Changes of Phase (or State)

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change of phase terms

The term 'change of phase' means the same thing as the term 'change of state'.

There are four states, or phases, of matter:

  • Solid
  • Liquid
  • Gas
  • Plasma

We will not be discussing the plasma state here.

 

When a substance changes from one state, or phase, of matter to another we say that it has undergone a change of state, or we say that it has undergone a change of phase. For example, ice melts and becomes water; water evaporates and becomes water vapor.

These changes of phase always occur with a change of heat. Heat, which is energy, either comes into the material during a change of phase or heat comes out of the material during this change. However, although the heat content of the material changes, the temperature does not.

 

Here are the five changes of phase. They are diagrammed in the opening animation and listed below.

Description of Phase Change Term for Phase Change Heat Movement During Phase Change Temperature Change During Phase Change
Solid to liquid Melting Heat goes into the solid as it melts. None
Liquid to solid Freezing Heat leaves the liquid as it freezes. None
Liquid to gas Vaporization, which includes boiling and evaporation Heat goes into the liquid as it vaporizes. None
Gas to liquid Condensation Heat leaves the gas as it condenses. None
Solid to gas Sublimation Heat goes into the solid as it sublimates. None

 

So, how could there be a change in heat during a state change without a change in temperature? During a change in state the heat energy is used to change the bonding between the molecules. In the case of melting, added energy is used to break the bonds between the molecules. In the case of freezing, energy is subtracted as the molecules bond to one another. These energy exchanges are not changes in kinetic energy. They are changes in bonding energy between the molecules.

If heat is coming into a substance during a phase change, then this energy is used to break the bonds between the molecules of the substance. The example we will use here is ice melting into water. Immediately after the molecular bonds in the ice are broken the molecules are moving (vibrating) at the same average speed as before, so their average kinetic energy remains the same, and, thus, their Kelvin temperature remains the same.

 

Below is a picture of solid ice melting into liquid water. The molecule of ice and the molecule of water (the black balls) are moving with the same rate of vibration in this diagram. This is meant to show that they have the same average speed and thus the same average kinetic energy (since they have the same mass) and thus the same Kelvin temperature. The motions are, though, greatly exaggerated. Actually, the motions of the molecules should be considered tiny vibrations.

 

meltingIcecubeOnPlate ice molecule water molecule
At the moment of melting the average kinetic energy of the molecules does not change.

The heat is used to break the bonds between the ice molecules as they turn into a liquid phase.

Since the average kinetic energy of the molecules does not change at the moment of melting, the temperature of the molecules does not change.

Since both the ice and the water molecules have the same average kinetic energy at the time of melting, the temperatures of both are the same.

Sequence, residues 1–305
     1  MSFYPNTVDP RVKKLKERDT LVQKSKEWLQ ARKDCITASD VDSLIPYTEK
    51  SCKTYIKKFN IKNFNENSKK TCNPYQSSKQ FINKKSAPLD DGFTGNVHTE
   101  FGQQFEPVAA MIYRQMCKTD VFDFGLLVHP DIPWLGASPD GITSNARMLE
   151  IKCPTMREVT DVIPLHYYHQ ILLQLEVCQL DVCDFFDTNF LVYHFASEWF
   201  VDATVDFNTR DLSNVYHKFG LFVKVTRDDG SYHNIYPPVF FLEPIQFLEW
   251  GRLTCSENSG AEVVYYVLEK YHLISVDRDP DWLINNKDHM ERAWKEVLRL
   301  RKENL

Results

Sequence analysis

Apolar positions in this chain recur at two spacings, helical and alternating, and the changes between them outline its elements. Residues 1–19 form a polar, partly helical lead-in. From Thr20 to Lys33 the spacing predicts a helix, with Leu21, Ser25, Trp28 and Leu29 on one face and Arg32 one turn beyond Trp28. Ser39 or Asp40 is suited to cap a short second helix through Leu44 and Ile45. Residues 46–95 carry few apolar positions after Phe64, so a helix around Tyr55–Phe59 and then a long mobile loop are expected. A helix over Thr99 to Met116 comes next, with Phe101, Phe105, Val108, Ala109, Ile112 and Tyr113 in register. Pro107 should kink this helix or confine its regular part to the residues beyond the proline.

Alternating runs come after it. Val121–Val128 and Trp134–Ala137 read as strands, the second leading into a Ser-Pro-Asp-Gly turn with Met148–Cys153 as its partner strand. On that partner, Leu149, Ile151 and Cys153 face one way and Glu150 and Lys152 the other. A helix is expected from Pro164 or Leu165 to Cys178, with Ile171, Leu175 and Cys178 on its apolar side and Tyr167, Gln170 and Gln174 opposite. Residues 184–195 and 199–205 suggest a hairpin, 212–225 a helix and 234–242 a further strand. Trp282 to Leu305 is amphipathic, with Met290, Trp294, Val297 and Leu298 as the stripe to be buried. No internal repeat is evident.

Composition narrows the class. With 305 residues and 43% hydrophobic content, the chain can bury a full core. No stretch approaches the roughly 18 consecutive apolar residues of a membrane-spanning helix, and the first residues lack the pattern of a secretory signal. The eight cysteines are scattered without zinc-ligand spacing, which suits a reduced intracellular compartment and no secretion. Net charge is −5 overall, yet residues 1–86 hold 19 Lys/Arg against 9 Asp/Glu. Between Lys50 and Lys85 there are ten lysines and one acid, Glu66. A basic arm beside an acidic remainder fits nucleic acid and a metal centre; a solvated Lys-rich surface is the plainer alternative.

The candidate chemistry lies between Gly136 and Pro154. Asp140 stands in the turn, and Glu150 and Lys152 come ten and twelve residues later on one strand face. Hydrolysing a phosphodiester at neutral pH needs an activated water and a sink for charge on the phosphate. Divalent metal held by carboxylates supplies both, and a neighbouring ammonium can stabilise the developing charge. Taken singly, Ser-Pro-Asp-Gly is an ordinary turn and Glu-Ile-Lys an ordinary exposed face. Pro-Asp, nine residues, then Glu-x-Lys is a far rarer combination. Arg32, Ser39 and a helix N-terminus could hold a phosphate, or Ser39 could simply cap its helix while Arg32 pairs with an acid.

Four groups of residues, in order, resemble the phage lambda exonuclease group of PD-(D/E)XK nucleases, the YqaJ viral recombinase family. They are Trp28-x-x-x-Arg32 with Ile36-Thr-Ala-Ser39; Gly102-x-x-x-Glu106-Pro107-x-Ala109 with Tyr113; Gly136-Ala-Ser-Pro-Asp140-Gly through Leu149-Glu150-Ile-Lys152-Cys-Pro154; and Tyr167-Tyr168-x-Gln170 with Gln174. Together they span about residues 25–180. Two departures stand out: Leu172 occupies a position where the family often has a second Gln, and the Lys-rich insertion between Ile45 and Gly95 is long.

In the ice the molecules are strongly bonded to one another, thus forming a rigid solid. When heat is added to the ice these bonds are broken and the ice melts. The molecules afterward bond to one another with less strength and a different geometry, and water is formed.

Now, before the melting, the molecules were actually moving when in the solid state. They were vibrating back and forth. They had an average kinetic energy. So they had a Kelvin temperature proportional to this average kinetic energy.

After the melting the water molecules are still vibrating. And they have the same average kinetic energy as they had before the melting. So, the water is at the same temperature at the moment after the melting that the ice was at the moment before the melting.

 

Heat came into the situation, but it was not used to change the kinetic energy of the molecules. It was used to change the bonding between the molecules. Breaking the bonds between the molecules of the ice requires energy, and this energy is the added heat.

In a similar way heat enters a liquid to change the molecular bonding when the liquid boils or evaporates into a gas, and heat enters a solid to change the molecular bonding when it sublimates into a gas.

In an inverse way heat leaves a gas to change the molecular bonding when the gas condenses into a liquid, and heat leaves a liquid to change the molecular bonding when it freezes into a solid.

 

In none of these changes of state is the heat (energy) that is input or output used to change the speed of the molecules. The average speed of the molecules is the same before and after a phase change, and so is the average kinetic energy.

Heat (energy) is transferred into the ice. arrow The heat is used to break the bonds between molecules, not to increase the average kinetic energy of the molecules. arrow Since the bonds among the ice molecules have been broken, water is formed. The water molecules, at this moment, have the same average kinetic energy as they did when they were ice. arrow Since the ice and water molecules both have the same average kinetic energy, they are at the same Kelvin temperature.

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